Cut squash in half lengthwise: slice about ½ inch off the top and bottom to make flat sides; then, stand the squash up and carefully cut down the center to make two roughly even halves. Rub halves all over with oil then season with salt. Place on a parchment-lined sheet pan or baking dish, cut side down.
Roast until the halves are blistered and easily pierced all the way through with a knife, 40 to 50 minutes (depending on size).
Remove from oven; let cool enough to handle, then scrape out the seeds with a spoon.

Findings:
The Roast in Halves method produced beautifully seasoned squash with a healthy amount of browning, which meant a meaningfully better flavor than the Roast Whole squash. Roasting squash in halves is an excellent choice for home cooks who wish to generate a visually dramatic centerpiece for a meal; the roasted halves could serve as vessels for a long-simmering sugo di carne, or a warm, perky grain salad.

3. Roast in Cubes

Ingredients:
1 ½ to 2 tablespoons extra-virgin olive oil
1 medium butternut squash
1 1/2 teaspoons Diamond Crystal Kosher salt

Heat oven to 425°F. Peel squash with a vegetable peeler. Cut squash in half lengthwise: slice about ½ inch off the top and bottom to make flat sides; then, stand the squash up and carefully cut down the center to make two roughly even halves. Scrape out the seeds with a spoon. Cut each half into 1–inch-thick slices, then cut in the other direction to make 1-inch cubes.
On a parchment-lined sheet pan or in a baking dish, toss cubes with olive oil and salt until coated. Arrange in a single layer. Roast until squash is tender and browned and easily pierced with a fork, flipping cubes occasionally, about 30 to 40 minutes.

Findings:
The Roast in Cubes method provided the best specimen for Crisp Maximalists, since each side of each tiny cube was given ample opportunity to firm up against the hot pan. The cubed squash was also wonderfully rich, since there was much more surface area available for oil and salt than with most of the other methods. I can’t count the shortened cook time as a plus though, because the upfront peeling and chopping meant the overall process actually took longer than the Roast in Halves batch.

4. Roast in Cubes (Low Temp)

Ingredients:
1 ½ to 2 tablespoons extra-virgin olive oil
1 medium butternut squash
1 ½ teaspoons Diamond Crystal Kosher salt

Heat oven to 350°F.
Peel squash with a vegetable peeler. Cut squash in half lengthwise: slice about ½ inch off the top and bottom to make flat sides; then, stand the squash up and carefully cut down the center to make two roughly even halves. Scrape out the seeds with a spoon. Cut each half into 1-inch-thick slices, then cut in the other direction to make 1-inch cubes.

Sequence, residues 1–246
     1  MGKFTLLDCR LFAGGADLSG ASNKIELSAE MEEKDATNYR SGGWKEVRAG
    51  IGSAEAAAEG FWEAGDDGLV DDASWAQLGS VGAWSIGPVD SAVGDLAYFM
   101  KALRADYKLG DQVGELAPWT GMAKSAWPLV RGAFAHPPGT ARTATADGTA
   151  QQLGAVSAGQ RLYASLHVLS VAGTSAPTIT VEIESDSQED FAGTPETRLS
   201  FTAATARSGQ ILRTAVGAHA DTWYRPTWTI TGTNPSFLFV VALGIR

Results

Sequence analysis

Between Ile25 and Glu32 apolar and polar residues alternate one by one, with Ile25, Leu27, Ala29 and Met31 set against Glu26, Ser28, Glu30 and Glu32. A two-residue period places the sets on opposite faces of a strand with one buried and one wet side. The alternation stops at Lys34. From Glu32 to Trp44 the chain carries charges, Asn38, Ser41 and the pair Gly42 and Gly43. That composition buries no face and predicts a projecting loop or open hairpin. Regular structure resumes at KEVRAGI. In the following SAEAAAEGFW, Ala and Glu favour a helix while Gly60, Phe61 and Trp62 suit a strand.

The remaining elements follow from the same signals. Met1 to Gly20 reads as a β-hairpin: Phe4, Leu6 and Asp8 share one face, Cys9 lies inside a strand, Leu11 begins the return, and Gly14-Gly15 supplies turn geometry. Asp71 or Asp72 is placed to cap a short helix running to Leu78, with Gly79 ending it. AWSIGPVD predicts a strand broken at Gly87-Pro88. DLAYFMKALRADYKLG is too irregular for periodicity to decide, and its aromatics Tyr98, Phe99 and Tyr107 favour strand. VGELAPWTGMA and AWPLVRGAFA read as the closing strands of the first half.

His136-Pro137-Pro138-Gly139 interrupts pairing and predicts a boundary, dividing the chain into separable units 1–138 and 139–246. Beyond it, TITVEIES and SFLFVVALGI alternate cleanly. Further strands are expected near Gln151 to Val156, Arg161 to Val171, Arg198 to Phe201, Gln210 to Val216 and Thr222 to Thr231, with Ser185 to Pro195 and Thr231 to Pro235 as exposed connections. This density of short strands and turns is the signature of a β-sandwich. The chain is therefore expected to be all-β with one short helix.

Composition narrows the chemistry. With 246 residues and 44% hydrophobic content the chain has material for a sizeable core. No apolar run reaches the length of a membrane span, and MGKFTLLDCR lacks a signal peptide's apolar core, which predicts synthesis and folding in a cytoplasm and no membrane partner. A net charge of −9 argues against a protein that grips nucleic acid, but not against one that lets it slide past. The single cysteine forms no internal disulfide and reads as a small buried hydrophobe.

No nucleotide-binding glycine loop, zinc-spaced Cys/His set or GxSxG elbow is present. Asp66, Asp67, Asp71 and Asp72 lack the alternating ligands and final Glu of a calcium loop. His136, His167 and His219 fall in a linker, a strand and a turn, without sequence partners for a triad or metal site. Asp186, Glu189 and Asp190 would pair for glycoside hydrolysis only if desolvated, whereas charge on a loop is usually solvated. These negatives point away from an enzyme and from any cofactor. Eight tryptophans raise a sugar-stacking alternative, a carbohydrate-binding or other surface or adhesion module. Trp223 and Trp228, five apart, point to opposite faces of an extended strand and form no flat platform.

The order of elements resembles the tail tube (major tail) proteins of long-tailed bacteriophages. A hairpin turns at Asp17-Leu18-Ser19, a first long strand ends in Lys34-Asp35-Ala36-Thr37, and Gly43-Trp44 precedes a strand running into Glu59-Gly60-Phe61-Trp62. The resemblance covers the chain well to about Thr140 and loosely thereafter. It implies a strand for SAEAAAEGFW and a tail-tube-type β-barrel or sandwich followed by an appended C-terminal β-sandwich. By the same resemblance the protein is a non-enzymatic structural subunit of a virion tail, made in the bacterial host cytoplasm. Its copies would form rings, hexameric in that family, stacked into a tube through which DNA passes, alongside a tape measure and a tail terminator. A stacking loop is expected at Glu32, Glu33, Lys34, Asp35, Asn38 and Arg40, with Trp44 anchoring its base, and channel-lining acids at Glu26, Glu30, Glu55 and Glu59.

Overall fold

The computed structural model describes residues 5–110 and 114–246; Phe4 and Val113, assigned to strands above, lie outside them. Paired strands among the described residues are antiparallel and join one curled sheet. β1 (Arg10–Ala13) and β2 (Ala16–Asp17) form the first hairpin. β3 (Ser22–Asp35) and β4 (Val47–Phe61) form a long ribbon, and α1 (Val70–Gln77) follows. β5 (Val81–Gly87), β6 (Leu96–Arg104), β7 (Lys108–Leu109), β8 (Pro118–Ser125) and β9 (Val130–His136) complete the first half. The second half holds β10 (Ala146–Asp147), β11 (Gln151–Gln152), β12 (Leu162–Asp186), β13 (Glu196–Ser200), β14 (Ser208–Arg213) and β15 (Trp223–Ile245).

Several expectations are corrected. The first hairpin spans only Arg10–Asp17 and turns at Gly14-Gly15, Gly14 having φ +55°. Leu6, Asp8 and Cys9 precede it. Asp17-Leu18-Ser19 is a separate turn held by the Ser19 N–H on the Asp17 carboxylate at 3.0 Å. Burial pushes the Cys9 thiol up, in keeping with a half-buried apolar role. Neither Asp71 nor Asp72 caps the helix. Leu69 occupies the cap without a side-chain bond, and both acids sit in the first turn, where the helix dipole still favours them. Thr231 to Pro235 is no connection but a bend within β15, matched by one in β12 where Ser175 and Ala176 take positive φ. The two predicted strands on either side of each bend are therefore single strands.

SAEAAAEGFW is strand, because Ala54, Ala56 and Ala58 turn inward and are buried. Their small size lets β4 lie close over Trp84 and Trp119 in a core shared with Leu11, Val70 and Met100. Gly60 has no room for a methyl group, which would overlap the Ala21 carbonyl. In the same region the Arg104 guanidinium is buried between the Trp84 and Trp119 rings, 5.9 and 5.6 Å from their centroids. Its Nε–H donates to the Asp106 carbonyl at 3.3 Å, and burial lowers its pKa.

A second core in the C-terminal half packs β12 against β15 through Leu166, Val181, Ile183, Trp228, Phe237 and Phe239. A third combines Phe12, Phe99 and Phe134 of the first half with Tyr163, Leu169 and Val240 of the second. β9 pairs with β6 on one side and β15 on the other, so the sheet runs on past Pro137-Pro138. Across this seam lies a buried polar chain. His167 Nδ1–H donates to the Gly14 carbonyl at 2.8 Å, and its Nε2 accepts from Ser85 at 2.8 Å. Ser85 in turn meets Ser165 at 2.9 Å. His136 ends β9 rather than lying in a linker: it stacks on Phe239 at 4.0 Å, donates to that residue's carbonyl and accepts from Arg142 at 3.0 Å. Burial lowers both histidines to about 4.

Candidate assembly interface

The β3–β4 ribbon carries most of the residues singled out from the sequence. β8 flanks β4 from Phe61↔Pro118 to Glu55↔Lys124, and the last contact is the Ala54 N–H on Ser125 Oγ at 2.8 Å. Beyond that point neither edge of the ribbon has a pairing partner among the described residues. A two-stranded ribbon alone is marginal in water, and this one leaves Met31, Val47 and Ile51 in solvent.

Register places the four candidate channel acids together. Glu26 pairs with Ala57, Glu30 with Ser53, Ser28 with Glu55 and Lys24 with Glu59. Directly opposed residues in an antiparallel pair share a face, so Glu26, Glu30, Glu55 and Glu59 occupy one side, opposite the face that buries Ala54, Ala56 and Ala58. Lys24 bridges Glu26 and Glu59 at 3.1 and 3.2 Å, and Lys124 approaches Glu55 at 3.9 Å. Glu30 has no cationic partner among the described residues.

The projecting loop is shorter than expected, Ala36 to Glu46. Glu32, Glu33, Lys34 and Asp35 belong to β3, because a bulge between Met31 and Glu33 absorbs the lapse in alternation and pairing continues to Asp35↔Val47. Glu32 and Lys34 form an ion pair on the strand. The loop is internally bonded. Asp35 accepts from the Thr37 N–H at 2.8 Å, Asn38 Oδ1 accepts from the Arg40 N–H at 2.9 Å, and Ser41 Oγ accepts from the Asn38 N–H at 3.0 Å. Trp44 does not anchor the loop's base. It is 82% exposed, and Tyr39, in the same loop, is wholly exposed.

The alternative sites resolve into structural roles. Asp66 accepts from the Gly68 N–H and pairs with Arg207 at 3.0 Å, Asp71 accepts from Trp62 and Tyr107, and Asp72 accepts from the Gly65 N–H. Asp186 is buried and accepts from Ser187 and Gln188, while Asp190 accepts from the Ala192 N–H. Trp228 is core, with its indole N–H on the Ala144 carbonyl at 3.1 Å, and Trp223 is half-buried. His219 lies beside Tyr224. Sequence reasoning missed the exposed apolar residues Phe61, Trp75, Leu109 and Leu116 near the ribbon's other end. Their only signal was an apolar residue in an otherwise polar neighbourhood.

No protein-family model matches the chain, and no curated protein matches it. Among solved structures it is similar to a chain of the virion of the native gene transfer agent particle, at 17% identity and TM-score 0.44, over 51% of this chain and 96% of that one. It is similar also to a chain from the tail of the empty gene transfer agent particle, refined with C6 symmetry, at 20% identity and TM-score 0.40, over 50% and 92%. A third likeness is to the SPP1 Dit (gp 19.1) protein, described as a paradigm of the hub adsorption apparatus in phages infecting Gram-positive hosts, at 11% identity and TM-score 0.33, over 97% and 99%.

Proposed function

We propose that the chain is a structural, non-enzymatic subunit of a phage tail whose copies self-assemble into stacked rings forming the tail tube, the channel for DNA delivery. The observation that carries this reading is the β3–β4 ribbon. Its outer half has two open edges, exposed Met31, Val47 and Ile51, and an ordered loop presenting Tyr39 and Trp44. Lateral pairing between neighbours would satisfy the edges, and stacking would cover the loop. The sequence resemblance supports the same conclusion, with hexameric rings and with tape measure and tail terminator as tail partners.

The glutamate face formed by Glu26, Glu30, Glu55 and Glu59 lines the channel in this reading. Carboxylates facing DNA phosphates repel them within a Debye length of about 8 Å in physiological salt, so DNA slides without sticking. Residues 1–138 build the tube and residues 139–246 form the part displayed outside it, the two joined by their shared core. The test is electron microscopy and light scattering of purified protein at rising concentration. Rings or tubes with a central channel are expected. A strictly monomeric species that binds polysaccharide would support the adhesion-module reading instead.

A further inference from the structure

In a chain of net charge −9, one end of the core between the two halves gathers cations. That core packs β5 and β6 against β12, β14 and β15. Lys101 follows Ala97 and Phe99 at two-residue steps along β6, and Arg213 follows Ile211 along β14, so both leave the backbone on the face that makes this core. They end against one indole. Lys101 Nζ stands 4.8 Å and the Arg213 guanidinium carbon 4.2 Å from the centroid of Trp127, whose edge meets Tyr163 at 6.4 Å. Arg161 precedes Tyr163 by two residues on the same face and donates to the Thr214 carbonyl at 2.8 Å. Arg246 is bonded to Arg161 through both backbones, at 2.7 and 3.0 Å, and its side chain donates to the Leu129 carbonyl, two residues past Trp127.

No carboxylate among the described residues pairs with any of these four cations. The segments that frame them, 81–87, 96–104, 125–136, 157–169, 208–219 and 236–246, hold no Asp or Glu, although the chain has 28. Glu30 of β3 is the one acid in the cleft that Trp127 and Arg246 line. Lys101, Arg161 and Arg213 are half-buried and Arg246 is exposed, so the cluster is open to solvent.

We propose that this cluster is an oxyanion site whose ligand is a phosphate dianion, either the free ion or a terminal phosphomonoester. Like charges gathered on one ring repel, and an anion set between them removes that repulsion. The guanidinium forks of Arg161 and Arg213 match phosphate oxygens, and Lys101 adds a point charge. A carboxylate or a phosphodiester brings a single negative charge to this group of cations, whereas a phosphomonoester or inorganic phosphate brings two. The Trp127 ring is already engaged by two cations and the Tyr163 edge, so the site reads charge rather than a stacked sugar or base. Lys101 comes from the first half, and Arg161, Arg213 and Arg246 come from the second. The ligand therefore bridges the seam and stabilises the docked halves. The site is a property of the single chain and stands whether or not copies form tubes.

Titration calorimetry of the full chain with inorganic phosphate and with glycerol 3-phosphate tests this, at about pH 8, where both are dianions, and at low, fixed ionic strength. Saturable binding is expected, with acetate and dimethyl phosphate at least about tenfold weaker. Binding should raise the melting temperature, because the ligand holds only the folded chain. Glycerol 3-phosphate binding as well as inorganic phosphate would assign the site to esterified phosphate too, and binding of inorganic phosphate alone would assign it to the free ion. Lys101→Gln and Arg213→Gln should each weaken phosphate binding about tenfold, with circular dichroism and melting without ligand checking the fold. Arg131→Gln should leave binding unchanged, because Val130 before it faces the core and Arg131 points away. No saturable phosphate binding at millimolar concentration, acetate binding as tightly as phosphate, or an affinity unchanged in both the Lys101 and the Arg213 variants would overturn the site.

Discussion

On a parchment-lined sheet pan or in a baking dish, toss cubes with olive oil and salt until coated. Arrange in a single layer.
Roast until squash is tender, browned, and easily pierced with a fork, about 45-55 minutes.

Findings:
This batch of squash was overall quite similar to the Roast in Cubes (high heat) batch, but less crispy. Where it lacked in sharp edge, it made up for in flavor—because of the longer cook time, these cubes had a noticeably more concentrated, sweet flavor.

5. Roast in Wedges

Ingredients:
1 ½ to 2 tablespoons extra-virgin olive oil
1 medium butternut squash
1 ½ teaspoons Diamond Crystal Kosher salt

Heat oven to 425°F.
Peel squash with a vegetable peeler. Cut squash in half lengthwise: slice about ½ inch off the top and bottom to make flat sides; then, stand the squash up and carefully cut down the center to make two roughly even halves. Scrape out the seeds with a spoon. Cut each half into 1-inch-thick crescents.

On a parchment-lined sheet pan or in a baking dish, toss wedges with olive oil and salt until coated. Arrange in a single layer.
Roast for about 30 to 40 minutes until squash is caramelized and tender. Remove from oven.

Findings:
Roast in Wedges squash offers a number of advantages: it cooks more quickly than halved or whole squash, offers a huge amount of surface area for crisping and seasoning, and it looks sort of fancy. It’s no more annoying to prep than the cubes, so overall, it is a hair faster than the Roast in Halves thanks to the shorter oven jaunt. I would employ this method if I wanted crispy, flavorful squash with enough surface area to complement a sauce, or if the squash were the entree, broiled cheese and seasoned panko.

1. Microwave

Ingredients:
1 medium butternut squash